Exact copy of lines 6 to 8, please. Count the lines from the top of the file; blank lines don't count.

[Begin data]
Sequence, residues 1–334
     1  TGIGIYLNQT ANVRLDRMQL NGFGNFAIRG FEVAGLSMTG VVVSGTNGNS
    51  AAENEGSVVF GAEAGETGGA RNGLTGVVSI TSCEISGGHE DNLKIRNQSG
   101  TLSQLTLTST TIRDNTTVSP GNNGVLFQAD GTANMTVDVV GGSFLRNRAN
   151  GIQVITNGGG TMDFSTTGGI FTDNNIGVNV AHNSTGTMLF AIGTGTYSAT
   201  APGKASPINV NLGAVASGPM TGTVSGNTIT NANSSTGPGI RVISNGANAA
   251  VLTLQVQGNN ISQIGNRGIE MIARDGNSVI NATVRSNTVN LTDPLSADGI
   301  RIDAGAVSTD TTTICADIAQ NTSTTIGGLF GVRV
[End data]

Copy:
   201  APGKASPINV NLGAVASGPM TGTVSGNTIT NANSSTGPGI RVISNGANAA
   251  VLTLQVQGNN ISQIGNRGIE MIARDGNSVI NATVRSNTVN LTDPLSADGI
   301  RIDAGAVSTD TTTICADIAQ NTSTTIGGLF GVRV